Advice to all Probies

The latest crop of future leaders emerged from the physically and mentally demanding fire academy 1 week ago.  First off; Congratulations, and great job. Welcome to the best job on Earth.

Now that we got past that “LET ME TELL YOU SOMETHING KID…“:

1.Forget EVERYTHING you learned in the academy.  Those book smart idiots don’t know shit about how real firefighters work.

2. Top priority everyday is to make sure the coffee is made.  Get your equipment ready after that.

3. Learning your streets is your second priority after the coffee.  I know you aren’t allowed behind the wheel for a year but you need to know all the streets right now.  Where’s Action Court?  Ha, Wrong!  It’s a street off Action Road that doesn’t have any buildings on it, actually it’s just a named driveway, learn your streets kid.

4. Never leave the truck without a tool.  if it’s a minor car accident bring the pick head axe.  The ambulance drivers can do the medical crap, that’s beneath us.

5. Always carry the pick head axe when investigating alarms.  It looks cool as hell and you can hit things with it.

6.If you wear your tank while investigating an alarm you are a punk and/or scared.

7. Take that suspension and ear flap crap out of your helmet.  You look stupid.  As a matter of fact we could put in the oven for a couple of minutes and take that shine off.

8.In order to be a more streamlined and effective firefighter you have to control your weight.  Dump the search rope, pliers, cable cutters.  Take the liner out of your Bunker pants.  You already have an integrated pass so get rid of that stand alone nonsense.  Now let’s get some cake and watch Wheel of Fortune.

9.Those guys down the street on the west side are so caught up following the book that they forgot they are supposed to be aggressive firefighters.  If you see them stop to catch a hydrant drive around them and we’ll run a line off the tank.  We’ll be alright but if we run out they can fill us.

10. I’ve been on this job so long that I don’t need to check my equipment or the truck.  Besides, the guy yesterday should have done it all.

11. I don’t care if you are a grown man who did 3 deployments to Afganistan as a combat medic.  You don’t know what you’re talking about, I’m a better medic than you’ll every be.

12.  “There I was at that 4 alarm fire……Just me….against the Red Devil…..”

This is advice I’ve heard people tell Probies.  Most of these are direct quotes.  The caliber of leadership can sometimes be astounding.

Stay Safe


  • CBEMT says:

    You actually had me until #5. >.<

  • Wow. I think I’ve either heard or witnessed nearly every single thing on this list. Where do you start with this? At first, I was wanting to kick the company officer in the butt for not making needed corrections to these items. After some thinking, I came to the conclusion the company officer can’t be everywhere at every moment and cannot take 100% of the responsibility for correcting these errors. Maybe the seasoned veterans should step up and help fill the “correction” void when the company officer isn’t present.

    Some thought leads me to believe correcting these common errors in our stations can be corrected using a multi-pronged approach. Why do I think it takes a station to raise a probie? Here’s why a station is needed to make a probie into a talented, experienced firefighter:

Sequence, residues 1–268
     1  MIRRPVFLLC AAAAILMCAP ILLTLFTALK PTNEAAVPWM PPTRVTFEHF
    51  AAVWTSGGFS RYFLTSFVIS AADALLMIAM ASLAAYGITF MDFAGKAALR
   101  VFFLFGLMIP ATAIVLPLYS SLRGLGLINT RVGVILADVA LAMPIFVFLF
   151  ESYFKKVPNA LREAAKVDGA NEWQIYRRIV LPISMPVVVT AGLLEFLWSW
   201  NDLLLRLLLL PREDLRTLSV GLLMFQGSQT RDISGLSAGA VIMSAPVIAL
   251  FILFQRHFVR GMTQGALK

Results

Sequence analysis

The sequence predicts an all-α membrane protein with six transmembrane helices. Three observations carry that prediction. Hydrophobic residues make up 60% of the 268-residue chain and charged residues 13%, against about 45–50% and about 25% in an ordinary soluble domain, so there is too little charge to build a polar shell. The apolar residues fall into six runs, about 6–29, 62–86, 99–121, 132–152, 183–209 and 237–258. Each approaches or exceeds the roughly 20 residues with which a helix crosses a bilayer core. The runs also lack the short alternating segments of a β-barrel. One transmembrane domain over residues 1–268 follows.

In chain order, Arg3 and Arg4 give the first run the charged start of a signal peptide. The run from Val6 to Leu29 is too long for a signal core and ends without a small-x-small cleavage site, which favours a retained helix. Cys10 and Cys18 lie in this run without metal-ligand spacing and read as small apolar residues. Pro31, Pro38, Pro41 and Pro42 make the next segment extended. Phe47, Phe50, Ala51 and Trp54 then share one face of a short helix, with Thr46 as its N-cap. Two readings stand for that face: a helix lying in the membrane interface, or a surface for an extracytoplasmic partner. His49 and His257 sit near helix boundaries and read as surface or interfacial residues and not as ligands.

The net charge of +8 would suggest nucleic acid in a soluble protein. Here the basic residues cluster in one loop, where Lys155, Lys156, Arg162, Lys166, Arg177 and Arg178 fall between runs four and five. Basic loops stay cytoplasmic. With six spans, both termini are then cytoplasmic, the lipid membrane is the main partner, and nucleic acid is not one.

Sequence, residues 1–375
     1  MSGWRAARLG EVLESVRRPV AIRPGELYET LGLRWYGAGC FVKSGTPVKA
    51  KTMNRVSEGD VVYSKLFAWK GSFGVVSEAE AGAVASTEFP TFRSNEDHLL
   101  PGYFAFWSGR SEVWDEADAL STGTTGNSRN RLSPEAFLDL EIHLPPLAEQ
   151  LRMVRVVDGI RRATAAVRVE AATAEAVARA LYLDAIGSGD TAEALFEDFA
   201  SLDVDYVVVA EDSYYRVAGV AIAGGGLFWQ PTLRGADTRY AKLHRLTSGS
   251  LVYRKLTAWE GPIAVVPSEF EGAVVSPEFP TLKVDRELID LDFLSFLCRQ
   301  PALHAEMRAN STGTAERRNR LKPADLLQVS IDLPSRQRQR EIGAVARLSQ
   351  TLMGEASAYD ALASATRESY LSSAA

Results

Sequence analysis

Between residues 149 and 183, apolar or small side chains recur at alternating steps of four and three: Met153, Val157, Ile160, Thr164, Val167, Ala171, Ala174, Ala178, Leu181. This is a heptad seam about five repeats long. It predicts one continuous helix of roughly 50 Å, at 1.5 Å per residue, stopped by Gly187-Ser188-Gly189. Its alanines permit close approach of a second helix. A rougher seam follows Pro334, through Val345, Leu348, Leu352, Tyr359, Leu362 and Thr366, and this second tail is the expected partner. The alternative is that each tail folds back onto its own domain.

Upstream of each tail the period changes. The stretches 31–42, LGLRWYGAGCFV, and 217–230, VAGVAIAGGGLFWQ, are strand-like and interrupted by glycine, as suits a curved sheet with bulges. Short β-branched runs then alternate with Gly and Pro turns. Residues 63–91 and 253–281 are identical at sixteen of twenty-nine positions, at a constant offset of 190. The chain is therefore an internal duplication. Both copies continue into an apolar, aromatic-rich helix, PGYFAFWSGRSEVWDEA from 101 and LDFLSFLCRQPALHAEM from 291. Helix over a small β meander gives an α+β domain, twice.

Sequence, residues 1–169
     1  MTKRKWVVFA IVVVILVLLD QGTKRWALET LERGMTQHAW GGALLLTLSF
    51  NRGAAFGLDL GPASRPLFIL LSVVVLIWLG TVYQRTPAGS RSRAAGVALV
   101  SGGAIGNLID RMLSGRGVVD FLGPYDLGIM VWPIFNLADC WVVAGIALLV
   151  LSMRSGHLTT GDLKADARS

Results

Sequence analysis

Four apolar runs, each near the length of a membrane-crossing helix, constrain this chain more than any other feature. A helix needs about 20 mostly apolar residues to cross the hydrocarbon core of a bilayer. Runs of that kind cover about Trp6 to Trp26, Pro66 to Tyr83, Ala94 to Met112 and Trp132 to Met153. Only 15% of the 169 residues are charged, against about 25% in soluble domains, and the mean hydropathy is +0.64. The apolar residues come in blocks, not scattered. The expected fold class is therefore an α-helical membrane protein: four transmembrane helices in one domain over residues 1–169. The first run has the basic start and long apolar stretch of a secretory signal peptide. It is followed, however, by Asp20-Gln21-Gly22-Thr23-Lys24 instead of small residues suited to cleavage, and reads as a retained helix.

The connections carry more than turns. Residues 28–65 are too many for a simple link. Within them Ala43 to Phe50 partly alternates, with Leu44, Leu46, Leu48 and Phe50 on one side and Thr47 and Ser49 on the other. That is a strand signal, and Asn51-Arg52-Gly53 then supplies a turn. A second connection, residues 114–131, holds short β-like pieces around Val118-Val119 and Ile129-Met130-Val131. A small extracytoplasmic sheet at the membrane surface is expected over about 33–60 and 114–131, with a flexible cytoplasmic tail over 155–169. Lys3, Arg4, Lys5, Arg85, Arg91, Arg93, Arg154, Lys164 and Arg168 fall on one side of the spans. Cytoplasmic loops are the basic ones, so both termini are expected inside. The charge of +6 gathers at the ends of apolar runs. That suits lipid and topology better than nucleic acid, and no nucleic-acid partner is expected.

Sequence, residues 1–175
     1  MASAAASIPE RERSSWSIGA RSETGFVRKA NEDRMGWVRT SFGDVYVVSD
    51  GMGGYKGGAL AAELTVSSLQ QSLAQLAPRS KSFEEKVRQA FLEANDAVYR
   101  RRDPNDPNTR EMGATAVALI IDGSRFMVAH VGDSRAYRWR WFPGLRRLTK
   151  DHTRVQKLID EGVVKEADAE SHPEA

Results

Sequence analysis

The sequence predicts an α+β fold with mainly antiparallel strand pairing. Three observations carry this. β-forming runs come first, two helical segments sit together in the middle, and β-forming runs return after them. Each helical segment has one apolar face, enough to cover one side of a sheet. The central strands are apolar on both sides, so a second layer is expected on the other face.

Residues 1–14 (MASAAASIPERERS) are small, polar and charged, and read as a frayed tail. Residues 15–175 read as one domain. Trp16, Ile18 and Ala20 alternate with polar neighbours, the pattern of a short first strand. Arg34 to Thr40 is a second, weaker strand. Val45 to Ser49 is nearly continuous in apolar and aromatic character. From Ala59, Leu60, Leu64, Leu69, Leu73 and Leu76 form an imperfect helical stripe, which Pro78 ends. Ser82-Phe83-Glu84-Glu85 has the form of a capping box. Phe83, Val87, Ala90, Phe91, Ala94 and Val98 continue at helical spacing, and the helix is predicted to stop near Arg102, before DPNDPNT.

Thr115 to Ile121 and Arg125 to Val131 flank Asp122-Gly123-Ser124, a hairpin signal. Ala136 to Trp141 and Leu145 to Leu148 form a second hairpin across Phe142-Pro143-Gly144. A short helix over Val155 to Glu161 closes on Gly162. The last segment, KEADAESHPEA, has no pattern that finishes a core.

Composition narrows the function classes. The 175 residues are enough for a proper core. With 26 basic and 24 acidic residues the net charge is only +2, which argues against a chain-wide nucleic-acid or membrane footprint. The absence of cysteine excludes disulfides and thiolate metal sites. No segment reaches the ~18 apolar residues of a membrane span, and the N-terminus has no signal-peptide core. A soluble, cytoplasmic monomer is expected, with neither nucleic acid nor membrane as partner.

a) the company officer is responsible for his crew. If the officer hears these statements, he/she should make corrections to these incorrect or misleading statements. Corrections don’t necessarily mean throwing the bugle(s) or position around; corrections can be subtle. Maybe a low key correction can get the point across to the newbie that some items are more important to others; this correction may also clue the more exprerienced member into watching how certain statements are made and how the statements may be interpreted.

    b)firefighters with a reputation of being “knowledgeable” and unofficial leaders should step in and let the probie know what the TRUE expectations are. Coffee in the pot is great; however, a thoroughly checked truck that is ready to respond is more valuable. Unofficial leaders can help the probie learn a ready to respond vehicle and associated equipment is much more important as a perfect pot of coffee.

    c)every firefighter on the shift should make an effort to help the probie learn the ropes (correctly) and progress along the way to becoming a good firefighter. This will help establish the station as high on the list to “be a damn good FF”.

    d)probies can’t escape this list. If you think what you’re being told isn’t correct or there is a problem, talk these things over with the firefighters; if the FF’s don’t give you adequate answers (in your opinion), then ask the company officer for guidance. If you ask the FF’s before moving up, this will allow them to correct any misunderstandings and assist the probie with building a rapport.

    Great firefighters are developed because of helpful guidance in his/her early interactions and during times where he/she is passing on tips of the trade; unofficil leaders are an important resource fo making probies into useful, knowledgeable, and effective firefighters.

    Are you ready to raise a firefighter? Is your station ready to raise a firefighter? Sounds like a very good discussion topic for the kitchen table.

  • Ladder Jack says:

    Anchorpoint, You sound like a pretty smart and caring guy. Keep up the good work watching over your probie! Stay Safe!

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